Adapted from P. Coles, 1999, The Routledge Critical Dictionary of the New Cosmology, Routledge Inc., New York. Reprinted with the author's permission. To order this book click here:

The name given to the elementary particles of hypothetical non-baryonic dark matter that, in some theories, are assumed to pervade the cosmos. Such a particle could account for the dark matter seen in galaxies and in clusters of galaxies (see large-scale structure), and may assist in the problem of cosmological structure formation. At least part of the dark matter could be in some baryonic form such as massive compact halo objects (MACHOs), but if the theory of cosmological nucleosynthesis of the light element abundances is correct then there cannot be enough baryonic material to provide a critical-density flat universe (see also gravitational lensing). There are many possible candidates for the hypothetical WIMPs. These are usually divided into two classes: hot dark matter (HDM) and cold dark matter (CDM).

Any relic non-baryonic particle species which has an appreciable cosmological abundance at the present epoch, and which had a thermal velocity close to the velocity of light when it was produced in the early Universe, is called hot dark matter. If a particle produced in thermal equilibrium is to have such a large velocity, it has to be extremely light. The favoured candidate for such a particle is a neutrino with a rest mass of around 10 eV (electronvolts) which is 1/500,000 of the mass of the electron (see elementary particles). It is not known whether any of the known neutrino species actually has a nonzero rest mass. But if any do, and their mass is around 10 eV, then the standard Big Bang theory of the thermal history of the Universe predicts a present-day density of relic particles close to the critical density required to make the Universe recollapse. The Universe would then be expected to have a value of the density parameter close to 1. However, HDM does not seem to be a good candidate from the point of view of structure formation theories, because the extremely high velocities of the neutrinos tend to erase structure on scales up to and including those of superclusters of galaxies. It is unlikely, therefore, that the Jeans instability of HDM can on its own be responsible for the formation of galaxies and large-scale structure.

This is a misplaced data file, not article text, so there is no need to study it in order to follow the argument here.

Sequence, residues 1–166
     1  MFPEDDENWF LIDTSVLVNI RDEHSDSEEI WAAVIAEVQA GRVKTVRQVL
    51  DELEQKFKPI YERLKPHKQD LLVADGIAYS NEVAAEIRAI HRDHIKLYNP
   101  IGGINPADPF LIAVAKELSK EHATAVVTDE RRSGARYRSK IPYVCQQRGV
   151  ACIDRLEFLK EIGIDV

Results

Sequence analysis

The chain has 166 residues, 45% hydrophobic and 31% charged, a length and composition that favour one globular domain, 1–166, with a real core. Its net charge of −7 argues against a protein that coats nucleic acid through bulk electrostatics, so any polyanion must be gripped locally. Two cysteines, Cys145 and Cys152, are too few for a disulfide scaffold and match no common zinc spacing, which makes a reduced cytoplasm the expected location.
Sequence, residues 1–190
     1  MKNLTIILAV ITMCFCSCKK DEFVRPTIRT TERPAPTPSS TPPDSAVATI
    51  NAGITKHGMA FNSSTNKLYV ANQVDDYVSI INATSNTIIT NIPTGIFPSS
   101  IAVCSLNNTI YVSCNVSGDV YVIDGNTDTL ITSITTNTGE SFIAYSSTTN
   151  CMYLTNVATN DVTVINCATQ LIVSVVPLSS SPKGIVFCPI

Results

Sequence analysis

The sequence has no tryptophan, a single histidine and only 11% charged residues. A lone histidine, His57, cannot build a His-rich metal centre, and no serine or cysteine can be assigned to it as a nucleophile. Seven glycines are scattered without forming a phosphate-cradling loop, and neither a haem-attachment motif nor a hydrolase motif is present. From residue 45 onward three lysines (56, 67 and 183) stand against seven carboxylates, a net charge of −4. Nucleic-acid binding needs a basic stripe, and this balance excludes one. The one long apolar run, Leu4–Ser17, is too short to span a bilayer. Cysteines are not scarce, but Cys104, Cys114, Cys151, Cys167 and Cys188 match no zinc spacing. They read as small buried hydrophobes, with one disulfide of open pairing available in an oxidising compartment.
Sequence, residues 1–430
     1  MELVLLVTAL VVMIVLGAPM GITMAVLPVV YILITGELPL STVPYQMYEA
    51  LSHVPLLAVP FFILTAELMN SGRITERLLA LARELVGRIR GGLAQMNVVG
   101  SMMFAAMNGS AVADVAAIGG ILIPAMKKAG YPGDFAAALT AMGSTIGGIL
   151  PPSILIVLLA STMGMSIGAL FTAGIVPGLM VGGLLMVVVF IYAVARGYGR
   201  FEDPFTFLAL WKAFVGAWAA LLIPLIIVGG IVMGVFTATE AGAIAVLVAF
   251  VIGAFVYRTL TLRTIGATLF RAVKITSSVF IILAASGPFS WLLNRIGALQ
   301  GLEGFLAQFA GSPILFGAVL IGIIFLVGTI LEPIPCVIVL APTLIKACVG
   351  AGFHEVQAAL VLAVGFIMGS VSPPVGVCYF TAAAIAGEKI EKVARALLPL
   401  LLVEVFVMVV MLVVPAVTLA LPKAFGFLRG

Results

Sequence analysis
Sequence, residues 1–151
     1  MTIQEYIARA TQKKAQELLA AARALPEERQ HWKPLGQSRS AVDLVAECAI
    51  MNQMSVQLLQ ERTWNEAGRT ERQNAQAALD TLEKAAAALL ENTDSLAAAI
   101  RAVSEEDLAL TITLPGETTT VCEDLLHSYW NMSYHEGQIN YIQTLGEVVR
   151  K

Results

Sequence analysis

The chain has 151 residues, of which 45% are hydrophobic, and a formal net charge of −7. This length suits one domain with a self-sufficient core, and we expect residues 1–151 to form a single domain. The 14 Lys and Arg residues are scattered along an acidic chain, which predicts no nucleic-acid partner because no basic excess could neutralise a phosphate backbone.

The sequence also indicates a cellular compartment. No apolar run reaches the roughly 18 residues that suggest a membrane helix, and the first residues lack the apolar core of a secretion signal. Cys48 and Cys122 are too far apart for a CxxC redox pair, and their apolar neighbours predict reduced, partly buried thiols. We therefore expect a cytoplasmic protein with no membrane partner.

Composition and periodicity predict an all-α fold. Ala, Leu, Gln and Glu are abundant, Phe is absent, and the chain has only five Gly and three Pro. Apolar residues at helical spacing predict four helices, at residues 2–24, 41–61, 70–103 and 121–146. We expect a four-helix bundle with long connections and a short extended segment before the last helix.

The alternative, cold dark matter, is a more promising candidate for the cosmological dark matter. Any relic non-baryonic particle species which has an appreciable cosmological abundance at the present epoch, and which had a thermal velocity much less than the velocity of light when it was produced, would be cold dark matter. In order to be moving slowly in a state of thermal equilibrium, a CDM particle is normally (though not always) expected to be very massive. There are many possible candidates for CDM, suggested by various theories of the fundamental interactions and the physics of elementary particles (see e.g. grand unified theory). In some such theories, incorporating the idea of supersymmetry, all bosonic particles should have fermionic partners. Promising candidates for a CDM particle are therefore such objects as the photino, the supersymmetric partner of the photon. Another possible CDM candidate is the axion, which appears in certain grand unified theories. The axion actually has a very tiny mass (a mere one-hundred billionth of the mass of the electron) but interacts so weakly with electromagnetic radiation that it is never held in thermal equilibrium and therefore, paradoxically, has a very small velocity. It is even possible that primordial black holes with very small mass could behave like CDM particles. This form of dark matter has, until recently, been strongly favoured on theoretical grounds because it appears to assist in solving the problem of structure formation. Recent observational data, however, seem to suggest that the simplest versions of this picture of structure formation are not correct and some other ingredient is necessary, perhaps a smattering of HDM.

Experiments are under way to detect WIMPs experimentally using sensitive underground detectors. Hunting for particles of dark matter in this way is like looking for the proverbial needle in a haystack, because neither the mass nor the interaction rate is known.


Riordan, M. and Schramm, D., The Shadows of Creation: Dark Matter and the Structure of the Universe (Oxford University Press, Oxford, 1993).